GIS Reveals Extent of Early Hawaiian Agricultural Systems

…from The Nature Conservancy…

“Early Hawaiian agriculture was far more extensive and complex than anyone has fully understood, according to new research by scientists blending state-of-the-art technologies with traditional dirt archaeology.

“Until now, it has been difficult to prove the full scope of Hawaiian farming technology, said Samuel M. Gon III, ecologist, cultural advisor and senior scientist with The Nature Conservancy. “At the peak of Hawaiian population, there were perhaps a million people. It takes thousands and thousands of acres to feed all those people,” Gon said. Where was all that farmland?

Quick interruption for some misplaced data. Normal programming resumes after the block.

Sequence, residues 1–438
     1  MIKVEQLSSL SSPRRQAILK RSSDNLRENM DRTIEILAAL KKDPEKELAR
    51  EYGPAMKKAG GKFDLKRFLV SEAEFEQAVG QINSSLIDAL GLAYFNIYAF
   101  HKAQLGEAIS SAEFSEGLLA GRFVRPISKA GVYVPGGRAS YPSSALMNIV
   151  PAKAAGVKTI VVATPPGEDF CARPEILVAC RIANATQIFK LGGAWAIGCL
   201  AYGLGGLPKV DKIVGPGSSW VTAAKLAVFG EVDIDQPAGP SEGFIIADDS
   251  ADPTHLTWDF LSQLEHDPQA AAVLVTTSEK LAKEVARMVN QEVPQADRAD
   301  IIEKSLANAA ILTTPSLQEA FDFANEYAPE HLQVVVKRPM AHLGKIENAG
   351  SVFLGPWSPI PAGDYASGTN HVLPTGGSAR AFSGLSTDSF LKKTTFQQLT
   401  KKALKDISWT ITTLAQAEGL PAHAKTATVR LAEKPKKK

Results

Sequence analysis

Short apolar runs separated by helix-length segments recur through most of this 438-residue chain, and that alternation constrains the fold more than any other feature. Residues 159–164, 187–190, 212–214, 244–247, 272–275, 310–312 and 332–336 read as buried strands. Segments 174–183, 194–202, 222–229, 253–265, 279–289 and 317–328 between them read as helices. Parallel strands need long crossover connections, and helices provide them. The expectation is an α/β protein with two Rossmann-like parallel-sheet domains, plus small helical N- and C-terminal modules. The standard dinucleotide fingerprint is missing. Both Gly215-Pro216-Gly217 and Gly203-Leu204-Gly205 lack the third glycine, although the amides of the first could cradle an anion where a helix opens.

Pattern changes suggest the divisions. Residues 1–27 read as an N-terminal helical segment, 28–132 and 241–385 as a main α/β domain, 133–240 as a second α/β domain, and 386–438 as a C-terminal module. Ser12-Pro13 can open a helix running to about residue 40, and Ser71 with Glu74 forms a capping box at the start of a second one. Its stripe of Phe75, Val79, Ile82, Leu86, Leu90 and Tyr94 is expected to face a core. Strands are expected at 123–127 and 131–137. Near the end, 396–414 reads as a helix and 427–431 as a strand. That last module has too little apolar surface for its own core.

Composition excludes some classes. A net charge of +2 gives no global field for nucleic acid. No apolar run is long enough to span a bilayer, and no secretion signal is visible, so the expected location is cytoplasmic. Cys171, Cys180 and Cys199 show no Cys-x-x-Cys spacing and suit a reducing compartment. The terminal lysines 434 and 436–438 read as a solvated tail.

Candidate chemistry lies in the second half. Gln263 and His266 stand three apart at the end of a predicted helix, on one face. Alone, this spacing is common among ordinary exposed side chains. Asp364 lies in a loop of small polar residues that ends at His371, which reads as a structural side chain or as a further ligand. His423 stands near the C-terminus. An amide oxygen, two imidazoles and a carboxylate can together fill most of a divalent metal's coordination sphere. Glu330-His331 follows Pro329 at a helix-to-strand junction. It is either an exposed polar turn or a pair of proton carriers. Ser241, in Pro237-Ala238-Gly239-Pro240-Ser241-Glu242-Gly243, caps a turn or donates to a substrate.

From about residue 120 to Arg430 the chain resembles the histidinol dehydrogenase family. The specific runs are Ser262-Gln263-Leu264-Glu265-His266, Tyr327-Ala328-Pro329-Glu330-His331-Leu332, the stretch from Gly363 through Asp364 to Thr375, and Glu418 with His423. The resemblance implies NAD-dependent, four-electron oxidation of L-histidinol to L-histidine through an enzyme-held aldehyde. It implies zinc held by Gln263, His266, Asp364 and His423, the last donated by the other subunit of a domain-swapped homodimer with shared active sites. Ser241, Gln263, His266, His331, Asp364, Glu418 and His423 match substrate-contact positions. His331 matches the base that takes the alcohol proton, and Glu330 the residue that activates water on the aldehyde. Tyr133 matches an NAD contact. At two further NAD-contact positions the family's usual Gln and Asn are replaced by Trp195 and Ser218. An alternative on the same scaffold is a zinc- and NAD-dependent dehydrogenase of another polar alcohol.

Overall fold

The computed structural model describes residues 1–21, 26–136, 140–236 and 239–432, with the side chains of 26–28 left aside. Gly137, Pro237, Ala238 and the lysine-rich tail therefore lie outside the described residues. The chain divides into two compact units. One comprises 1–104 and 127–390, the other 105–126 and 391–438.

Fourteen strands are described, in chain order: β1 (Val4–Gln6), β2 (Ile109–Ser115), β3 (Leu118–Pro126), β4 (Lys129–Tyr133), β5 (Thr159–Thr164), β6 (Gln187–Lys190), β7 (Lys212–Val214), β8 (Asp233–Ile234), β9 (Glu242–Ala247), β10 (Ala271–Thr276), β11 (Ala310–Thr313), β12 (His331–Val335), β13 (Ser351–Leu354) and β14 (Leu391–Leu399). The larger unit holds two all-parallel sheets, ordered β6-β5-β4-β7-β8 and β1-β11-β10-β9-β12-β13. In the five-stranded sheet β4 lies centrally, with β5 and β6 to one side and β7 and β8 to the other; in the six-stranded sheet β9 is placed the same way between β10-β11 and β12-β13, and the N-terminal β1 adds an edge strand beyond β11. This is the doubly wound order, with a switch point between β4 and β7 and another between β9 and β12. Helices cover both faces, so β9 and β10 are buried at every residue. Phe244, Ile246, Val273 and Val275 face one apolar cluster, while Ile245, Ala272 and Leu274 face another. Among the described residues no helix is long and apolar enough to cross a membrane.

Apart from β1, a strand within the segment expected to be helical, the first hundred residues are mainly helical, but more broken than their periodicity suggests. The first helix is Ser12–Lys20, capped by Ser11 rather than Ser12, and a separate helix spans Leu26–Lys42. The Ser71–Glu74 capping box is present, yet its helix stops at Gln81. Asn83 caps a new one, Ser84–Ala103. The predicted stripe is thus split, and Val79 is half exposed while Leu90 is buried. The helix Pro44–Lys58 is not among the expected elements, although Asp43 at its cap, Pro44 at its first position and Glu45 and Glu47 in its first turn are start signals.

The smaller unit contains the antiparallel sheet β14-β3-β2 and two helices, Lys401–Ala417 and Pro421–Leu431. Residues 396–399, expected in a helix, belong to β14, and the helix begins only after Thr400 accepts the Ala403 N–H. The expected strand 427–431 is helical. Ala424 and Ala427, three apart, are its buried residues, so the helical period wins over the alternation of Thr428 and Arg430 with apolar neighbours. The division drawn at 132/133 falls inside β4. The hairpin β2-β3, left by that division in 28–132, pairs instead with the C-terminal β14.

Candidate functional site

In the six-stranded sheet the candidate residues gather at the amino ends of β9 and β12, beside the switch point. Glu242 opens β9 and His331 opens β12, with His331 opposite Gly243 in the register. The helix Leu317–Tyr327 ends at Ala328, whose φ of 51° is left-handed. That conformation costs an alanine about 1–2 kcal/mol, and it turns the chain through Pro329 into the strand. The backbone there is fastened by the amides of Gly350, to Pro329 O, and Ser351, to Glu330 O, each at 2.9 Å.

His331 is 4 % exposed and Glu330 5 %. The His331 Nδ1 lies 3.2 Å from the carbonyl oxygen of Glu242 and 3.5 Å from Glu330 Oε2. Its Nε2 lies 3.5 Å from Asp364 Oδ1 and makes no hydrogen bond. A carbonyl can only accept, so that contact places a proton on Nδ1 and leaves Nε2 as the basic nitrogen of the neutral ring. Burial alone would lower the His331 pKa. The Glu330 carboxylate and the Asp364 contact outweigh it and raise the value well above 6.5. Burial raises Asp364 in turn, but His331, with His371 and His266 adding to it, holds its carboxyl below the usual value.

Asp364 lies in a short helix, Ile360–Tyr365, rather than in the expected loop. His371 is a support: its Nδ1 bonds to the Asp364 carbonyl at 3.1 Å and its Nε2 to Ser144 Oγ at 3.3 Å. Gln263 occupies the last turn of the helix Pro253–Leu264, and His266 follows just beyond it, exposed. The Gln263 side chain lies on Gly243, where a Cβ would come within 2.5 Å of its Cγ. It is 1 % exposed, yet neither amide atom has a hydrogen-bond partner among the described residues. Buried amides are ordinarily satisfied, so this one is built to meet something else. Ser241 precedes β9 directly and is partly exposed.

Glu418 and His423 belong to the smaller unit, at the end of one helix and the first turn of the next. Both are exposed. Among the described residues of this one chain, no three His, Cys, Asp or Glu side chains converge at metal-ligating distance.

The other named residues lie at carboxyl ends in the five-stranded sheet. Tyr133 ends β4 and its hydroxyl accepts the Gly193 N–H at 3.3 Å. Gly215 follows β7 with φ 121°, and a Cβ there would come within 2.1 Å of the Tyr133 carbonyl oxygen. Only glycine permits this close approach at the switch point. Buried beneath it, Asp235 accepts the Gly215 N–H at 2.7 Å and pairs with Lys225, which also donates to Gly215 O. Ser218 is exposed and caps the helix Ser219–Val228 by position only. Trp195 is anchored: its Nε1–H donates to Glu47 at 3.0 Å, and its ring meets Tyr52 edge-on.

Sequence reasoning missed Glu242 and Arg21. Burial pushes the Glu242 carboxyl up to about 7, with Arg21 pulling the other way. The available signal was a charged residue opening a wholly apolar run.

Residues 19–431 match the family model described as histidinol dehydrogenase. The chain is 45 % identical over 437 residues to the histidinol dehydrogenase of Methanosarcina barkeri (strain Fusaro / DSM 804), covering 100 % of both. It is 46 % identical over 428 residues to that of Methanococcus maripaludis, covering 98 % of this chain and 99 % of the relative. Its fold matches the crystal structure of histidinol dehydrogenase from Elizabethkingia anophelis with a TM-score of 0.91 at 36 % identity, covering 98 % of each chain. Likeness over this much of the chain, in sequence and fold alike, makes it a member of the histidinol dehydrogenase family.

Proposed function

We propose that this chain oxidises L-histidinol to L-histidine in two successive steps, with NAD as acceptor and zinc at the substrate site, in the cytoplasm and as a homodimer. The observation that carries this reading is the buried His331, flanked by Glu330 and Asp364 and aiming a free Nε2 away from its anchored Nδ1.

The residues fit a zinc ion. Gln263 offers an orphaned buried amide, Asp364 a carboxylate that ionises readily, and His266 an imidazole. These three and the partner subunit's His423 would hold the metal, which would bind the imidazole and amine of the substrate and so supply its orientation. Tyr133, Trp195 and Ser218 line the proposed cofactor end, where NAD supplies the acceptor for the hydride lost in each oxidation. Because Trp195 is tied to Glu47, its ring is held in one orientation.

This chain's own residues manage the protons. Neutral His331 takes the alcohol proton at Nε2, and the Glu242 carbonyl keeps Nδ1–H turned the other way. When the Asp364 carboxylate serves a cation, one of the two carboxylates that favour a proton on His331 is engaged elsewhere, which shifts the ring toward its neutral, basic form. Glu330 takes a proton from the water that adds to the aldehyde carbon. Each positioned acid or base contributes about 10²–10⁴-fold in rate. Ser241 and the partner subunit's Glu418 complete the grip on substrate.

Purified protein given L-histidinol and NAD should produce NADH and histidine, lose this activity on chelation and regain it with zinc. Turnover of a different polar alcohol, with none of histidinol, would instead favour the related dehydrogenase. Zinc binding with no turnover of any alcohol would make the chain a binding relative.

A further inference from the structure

“A new research tool has now identified thousands of farmed acres not previously known to science—including a vast dry-land agricultural field system in the grassy plains of Ka‘ū on the Big Island.”

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